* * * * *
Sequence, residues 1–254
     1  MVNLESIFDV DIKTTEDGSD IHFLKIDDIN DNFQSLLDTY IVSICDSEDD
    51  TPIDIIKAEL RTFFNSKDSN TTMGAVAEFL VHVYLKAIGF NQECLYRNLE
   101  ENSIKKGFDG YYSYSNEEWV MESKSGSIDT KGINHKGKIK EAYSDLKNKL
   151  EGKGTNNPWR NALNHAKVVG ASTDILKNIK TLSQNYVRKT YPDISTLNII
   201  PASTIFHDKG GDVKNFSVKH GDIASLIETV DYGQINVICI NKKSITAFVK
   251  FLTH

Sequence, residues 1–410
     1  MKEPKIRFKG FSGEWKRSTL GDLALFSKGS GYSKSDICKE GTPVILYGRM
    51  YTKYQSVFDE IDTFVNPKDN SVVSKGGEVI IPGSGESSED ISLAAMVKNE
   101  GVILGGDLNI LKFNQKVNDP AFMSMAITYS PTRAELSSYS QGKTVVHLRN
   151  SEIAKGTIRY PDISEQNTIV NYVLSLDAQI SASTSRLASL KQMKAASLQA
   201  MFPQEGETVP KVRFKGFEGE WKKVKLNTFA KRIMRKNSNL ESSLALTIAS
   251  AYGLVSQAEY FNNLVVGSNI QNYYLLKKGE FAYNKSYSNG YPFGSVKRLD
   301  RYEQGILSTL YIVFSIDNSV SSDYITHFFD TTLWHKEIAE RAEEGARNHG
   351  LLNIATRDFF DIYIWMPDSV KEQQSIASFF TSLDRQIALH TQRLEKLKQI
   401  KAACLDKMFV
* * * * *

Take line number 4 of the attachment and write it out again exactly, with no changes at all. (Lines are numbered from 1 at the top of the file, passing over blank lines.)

   101  ENSIKKGFDG YYSYSNEEWV MESKSGSIDT KGINHKGKIK EAYSDLKNKL